Digital photographs were taken using a Nikon D3200 digital SLR 24-megapixel camera, with an adjustable scale bar placed in each image at the height of the plane of the occlusal crown surface. The tooth being photographed was centred orthogonally below the lens of the camera, well in the centre of the frame of the image, and was aligned in the horizontal using the cervical plane as a horizontal guide; however, because it was not always possible to verify this plane, particularly along the buccolingual axis, and where immersion in levelled sand was not advisable because of the delicate nature of the specimens, visual alignment of the vertical lingual and buccal crown edges was used. The accuracy of the horizontal/vertical alignment of the tooth was tested by using three- to two-dimensional image superimpositions, wherein three two-dimensional digital images, taken for the same tooth at different times, were each inserted into the correct plane of a three-dimensional image of the same tooth using Amira® software, after which differences in the x-, y- and z-axes between the three alignments were measured. The resultant error (averaging 0.014° along the x-axis, 0.107° along the y-axis and 0.098° along the z-axis) was considered to be within acceptable limits, after correlations of landmark measurements at varying degrees of tilt had previously established that errors of tilt of up to 2° from the horizontal produced a correlation coefficient of 0.99 in relation to the same measurements at zero tilt. For purposes of the analyses and the landmark placements, the digital images were each aligned horizontally on screen along the longitudinal axis of the tooth, using the protocols of Wood9 and Goose62 as guidelines for this alignment (taking into account the 'normal' alignment62 of the tooth in question as well as that of its immediate neighbours). A rectangle was superimposed over the image in the form of a bounding box (using Adobe Illustrator®) to act as a proxy for the mesiodistal (minimum) diameter and the buccolingual (maximum) diameter, respectively, according to definitions by Wood9. The centre of the bounding box was then calculated for purposes of a fan overlay placement, which would serve as a basis for the placement of landmarks at each 15° interval around the perimeter of the occlusal crown shape. The alignment and the position of this mathematical centre point were subjected to inter-observer tests for accuracy (average error: 0.295% in the x-axis and 0.316% in the y-axis).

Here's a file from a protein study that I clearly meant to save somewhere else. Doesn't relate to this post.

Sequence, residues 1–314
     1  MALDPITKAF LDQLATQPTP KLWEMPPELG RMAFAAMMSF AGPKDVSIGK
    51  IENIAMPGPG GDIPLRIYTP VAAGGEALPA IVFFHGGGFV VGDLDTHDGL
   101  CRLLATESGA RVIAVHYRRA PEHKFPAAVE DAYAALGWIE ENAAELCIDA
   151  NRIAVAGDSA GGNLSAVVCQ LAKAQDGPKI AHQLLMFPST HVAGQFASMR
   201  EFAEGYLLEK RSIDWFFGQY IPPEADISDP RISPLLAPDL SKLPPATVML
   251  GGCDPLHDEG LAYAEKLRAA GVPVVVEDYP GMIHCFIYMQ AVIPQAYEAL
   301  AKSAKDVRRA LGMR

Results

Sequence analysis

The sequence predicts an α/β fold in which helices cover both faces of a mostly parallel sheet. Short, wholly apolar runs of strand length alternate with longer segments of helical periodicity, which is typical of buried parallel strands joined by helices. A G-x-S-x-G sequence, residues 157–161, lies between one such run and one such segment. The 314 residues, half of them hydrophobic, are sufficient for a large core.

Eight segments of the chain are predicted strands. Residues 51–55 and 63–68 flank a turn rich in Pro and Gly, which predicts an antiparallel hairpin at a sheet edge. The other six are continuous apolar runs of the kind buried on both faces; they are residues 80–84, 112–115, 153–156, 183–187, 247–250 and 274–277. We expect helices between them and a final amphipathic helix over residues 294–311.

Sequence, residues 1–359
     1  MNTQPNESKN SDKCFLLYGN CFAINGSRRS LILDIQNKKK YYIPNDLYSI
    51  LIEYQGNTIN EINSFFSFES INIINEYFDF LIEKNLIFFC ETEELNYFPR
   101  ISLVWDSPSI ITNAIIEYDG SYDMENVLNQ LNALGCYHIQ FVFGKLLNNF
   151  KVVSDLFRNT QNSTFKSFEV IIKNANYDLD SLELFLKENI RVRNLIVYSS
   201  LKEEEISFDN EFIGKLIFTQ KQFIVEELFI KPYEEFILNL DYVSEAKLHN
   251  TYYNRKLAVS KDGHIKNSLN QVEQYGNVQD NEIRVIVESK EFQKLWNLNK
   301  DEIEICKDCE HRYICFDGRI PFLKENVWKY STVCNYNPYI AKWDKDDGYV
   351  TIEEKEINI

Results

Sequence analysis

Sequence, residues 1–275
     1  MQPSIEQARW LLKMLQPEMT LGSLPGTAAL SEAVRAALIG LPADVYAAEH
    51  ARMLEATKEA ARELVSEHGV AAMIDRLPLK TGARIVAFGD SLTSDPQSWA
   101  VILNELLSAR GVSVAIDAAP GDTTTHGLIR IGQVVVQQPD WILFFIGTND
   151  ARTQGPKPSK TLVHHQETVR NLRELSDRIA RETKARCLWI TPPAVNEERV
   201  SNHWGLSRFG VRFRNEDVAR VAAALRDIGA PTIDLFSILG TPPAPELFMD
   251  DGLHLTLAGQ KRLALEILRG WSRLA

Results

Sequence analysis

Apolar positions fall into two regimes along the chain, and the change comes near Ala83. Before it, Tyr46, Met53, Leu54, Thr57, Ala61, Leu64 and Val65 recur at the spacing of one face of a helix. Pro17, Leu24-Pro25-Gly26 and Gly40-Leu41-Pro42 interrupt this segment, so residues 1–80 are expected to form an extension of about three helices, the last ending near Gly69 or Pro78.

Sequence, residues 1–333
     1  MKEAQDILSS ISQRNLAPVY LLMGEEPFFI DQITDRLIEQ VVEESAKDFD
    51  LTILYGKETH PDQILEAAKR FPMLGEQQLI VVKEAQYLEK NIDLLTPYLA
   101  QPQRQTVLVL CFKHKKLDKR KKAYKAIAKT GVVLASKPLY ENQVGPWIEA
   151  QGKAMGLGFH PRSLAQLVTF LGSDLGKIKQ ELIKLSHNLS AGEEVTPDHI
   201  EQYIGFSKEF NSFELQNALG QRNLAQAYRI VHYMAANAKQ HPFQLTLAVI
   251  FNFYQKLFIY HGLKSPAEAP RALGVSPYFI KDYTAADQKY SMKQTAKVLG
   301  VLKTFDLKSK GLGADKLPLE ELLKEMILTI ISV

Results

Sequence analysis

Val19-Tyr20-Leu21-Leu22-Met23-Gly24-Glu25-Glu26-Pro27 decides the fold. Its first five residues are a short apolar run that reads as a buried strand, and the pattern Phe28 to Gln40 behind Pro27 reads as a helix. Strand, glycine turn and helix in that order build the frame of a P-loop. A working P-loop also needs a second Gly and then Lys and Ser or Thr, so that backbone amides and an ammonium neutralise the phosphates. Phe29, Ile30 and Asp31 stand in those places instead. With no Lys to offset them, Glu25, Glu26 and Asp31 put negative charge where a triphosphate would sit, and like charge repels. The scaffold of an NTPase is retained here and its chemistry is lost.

Landmarking method

Five Type I (homologous or 'anatomical') landmarks63 were sited at the intersection of each of the cusps at the perimeter outline of the occlusal crown surface in the image, and a further 44 Type III (mathematical or 'constructed') landmarks63 were placed in such a way as to define (1) the buccolingual and mesiodistal diameters of each tooth (four landmarks placed on a bounding box enclosing the tooth plus a fifth at the mathematical centre of the bounding box); (2) the peripheral shape of the tooth (24 landmarks, every 15° around the tooth perimeter); and (3) the orientation of the cusps (five landmarks denoting the midpoint between cusp intersections and five landmarks measured equidistantly from the central landmark to the centre of the cusp arc at the perimeter, along the midline of the cusp, with a further five landmarks equidistant between these central cusp landmarks; in cases where a diagnostic sixth cusp was evident, the landmark normally sited midway between the landmarks at the centre points of the entoconid and the hypoconulid was sited instead at the midpoint between the landmark at the centre of the entoconid and the landmark at the intersection between the sixth cusp and the hypoconulid at the perimeter, so that the landmark would be sited over the sixth cusp). The position of the landmarks is shown in Figure 1.



The images were scaled and landmarks digitised using ImageJ® software and processed via Microsoft Excel® into IBM SPSS® and Morphologika® for purposes of performing Procrustes superimposition, principal components analyses and discriminant function analyses. Lastly, a custom-written macro for MS Excel®, named 'Professor Regressor'64 was created to produce a high-speed throughput of pairwise regressions for purposes of conducting log sem analyses to determine average conspecific variation.65

Methods: Analyses